1995, 55 Minutes
In its first 80 years, filmmaking in Australia had at best been sporadic. With the takeover of our movie screens by Hollywood during the First World War, producers were faced with a rear-guard battle against extinction. In the 50s and 60s it almost happened. But tucked away in tiny makeshift editing rooms and rundown studios a small group of filmmakers kept the torchlight flickering.
With the political momentum of the late 60s they took up the fight. Passionate film buffs like Phillip Adams, Barry Jones, Tim Burstall, Bruce Beresford and Tony Buckley lobbied government and for the first time won assistance. In 1969 when Prime Minister John Gorton gave our film industry its life-saving injection - a tiny $100,000 - no-one ever imagined that it would have led to Crocodile Dundee grossing $80 million on the world market. What Gorton started became known around the world as the Australian film renaissance. It in turn fostered the brilliant talents that are household names today: actors Mel Gibson and Judy Davis; directors Peter Weir and Gillian Armstrong; producers George Miller and the McElroy brothers; and cameramen Russell Boyd and Dean Semler.
This was the era when our cinema was reborn, with classic films made one after the other - Picnic at Hanging Rock, Caddie, Newsfront, The Chant of Jimmie Blacksmith, Sunday Too Far Away and later Mad Max, My Brilliant Career, Breaker Morant and Gallipoli - all produced in Australia, to international acclaim.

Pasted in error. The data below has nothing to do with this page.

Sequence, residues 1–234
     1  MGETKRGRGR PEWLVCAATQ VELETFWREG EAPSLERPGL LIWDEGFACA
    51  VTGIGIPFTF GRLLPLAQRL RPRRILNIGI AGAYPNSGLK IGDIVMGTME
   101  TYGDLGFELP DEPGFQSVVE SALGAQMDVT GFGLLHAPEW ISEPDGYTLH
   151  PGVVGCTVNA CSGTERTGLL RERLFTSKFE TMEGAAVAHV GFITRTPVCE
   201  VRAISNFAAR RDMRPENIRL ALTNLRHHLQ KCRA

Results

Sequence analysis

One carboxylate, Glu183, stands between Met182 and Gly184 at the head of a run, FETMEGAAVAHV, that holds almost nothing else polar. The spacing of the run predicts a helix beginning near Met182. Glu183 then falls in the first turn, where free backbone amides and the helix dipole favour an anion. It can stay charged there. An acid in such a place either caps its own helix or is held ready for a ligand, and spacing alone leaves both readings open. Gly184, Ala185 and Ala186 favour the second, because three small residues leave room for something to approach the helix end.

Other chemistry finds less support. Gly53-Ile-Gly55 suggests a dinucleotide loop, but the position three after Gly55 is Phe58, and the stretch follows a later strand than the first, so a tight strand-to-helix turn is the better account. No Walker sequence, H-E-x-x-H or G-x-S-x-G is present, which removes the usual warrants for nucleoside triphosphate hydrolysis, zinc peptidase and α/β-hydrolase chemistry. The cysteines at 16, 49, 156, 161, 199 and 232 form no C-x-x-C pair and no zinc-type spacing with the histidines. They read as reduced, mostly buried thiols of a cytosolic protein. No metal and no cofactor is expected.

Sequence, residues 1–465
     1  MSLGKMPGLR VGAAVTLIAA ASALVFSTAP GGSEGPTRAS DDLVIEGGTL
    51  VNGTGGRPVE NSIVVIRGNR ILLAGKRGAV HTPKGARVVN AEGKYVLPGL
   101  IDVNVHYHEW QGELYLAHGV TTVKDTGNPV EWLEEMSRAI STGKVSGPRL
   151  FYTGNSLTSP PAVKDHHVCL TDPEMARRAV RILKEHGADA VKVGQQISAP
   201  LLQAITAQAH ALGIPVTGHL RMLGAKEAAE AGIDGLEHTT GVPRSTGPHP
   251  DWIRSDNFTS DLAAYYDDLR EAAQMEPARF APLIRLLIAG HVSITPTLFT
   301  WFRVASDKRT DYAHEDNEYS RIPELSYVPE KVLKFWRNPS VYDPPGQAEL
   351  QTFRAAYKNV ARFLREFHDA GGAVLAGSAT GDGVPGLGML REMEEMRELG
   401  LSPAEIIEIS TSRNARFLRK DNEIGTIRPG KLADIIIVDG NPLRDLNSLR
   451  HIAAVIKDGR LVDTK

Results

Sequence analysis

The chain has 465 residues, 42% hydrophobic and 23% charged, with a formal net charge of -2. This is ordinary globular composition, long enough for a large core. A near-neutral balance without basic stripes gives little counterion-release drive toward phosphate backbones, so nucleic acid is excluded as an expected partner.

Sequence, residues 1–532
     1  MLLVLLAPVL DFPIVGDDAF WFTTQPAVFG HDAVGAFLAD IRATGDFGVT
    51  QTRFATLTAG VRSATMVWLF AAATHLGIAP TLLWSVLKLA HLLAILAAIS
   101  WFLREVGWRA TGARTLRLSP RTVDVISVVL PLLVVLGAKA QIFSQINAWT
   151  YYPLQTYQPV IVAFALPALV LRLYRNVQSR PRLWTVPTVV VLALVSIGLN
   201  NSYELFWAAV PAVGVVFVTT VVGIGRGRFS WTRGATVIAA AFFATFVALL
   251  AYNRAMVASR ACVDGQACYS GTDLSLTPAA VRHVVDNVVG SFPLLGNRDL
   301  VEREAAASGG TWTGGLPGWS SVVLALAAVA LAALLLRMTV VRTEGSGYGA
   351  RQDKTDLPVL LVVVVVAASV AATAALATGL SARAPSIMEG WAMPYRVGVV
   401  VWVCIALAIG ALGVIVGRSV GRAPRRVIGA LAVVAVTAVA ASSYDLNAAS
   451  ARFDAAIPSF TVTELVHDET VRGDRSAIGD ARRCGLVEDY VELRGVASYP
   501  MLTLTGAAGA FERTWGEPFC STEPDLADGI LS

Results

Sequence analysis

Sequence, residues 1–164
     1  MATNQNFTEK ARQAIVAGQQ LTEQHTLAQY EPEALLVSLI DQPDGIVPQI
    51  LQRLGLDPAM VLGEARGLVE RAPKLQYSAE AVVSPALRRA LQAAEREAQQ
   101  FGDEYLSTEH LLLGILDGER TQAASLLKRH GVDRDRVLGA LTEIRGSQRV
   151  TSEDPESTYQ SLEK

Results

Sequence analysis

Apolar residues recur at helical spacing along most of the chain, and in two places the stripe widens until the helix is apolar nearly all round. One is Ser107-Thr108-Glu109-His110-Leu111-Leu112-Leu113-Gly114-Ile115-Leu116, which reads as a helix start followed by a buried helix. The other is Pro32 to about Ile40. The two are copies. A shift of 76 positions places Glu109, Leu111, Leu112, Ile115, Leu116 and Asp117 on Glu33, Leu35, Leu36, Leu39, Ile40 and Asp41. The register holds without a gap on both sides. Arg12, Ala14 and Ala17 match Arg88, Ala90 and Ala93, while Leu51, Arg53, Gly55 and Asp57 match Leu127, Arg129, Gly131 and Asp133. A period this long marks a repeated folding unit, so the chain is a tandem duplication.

Throughout the one hundred years of Australian cinema our moviemakers have brought our life, our issues, our literature, our myths and legends to the screen. With our great film talents - our celluloid heroes - we can continue to look at ourselves, laugh at ourselves, and cry with ourselves for the next 100 years.
A Film Australia National Interest Program. © 2011 National Film and Sound Archive of Australia.
Director/Writer: Robert Francis
Narrator: Bryan Brown
Running Time: 55 Minutes
Classification: M. Consumer advice: Medium level sex scenes, Medium level violence, Low level coarse language.
Curriculum Links: Creative Arts, Studies of Society and Environment, Film, Cinema and Screen Studies, Australian History.